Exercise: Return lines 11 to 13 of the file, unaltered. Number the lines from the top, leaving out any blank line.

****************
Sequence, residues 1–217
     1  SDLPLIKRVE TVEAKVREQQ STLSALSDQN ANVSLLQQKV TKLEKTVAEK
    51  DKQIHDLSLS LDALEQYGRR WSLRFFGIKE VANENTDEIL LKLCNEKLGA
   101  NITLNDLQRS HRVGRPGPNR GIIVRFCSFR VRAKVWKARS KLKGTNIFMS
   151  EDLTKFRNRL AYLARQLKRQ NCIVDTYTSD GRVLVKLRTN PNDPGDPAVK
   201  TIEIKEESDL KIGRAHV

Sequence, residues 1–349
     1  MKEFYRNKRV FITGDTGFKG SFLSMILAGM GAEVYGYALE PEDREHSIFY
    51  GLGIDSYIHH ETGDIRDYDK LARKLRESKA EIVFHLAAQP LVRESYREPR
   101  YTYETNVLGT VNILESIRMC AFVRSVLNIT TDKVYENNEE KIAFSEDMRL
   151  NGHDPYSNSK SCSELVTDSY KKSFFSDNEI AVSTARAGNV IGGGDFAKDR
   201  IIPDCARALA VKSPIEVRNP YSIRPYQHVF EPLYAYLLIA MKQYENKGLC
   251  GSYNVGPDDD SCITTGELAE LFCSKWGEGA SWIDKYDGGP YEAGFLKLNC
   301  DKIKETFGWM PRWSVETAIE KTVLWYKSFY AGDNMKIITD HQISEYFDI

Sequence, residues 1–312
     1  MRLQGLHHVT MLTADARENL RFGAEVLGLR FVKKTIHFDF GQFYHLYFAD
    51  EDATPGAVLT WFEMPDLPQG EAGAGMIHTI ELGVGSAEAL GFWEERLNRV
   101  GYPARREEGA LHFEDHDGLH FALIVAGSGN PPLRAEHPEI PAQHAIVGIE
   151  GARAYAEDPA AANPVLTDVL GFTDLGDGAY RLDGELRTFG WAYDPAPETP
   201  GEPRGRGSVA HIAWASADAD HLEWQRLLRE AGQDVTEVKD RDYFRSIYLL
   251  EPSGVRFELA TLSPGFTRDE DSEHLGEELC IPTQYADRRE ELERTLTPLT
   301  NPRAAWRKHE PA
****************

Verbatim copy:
   151  NGHDPYSNSK SCSELVTDSY KKSFFSDNEI AVSTARAGNV IGGGDFAKDR
   201  IIPDCARALA VKSPIEVRNP YSIRPYQHVF EPLYAYLLIA MKQYENKGLC
   251  GSYNVGPDDD SCITTGELAE LFCSKWGEGA SWIDKYDGGP YEAGFLKLNC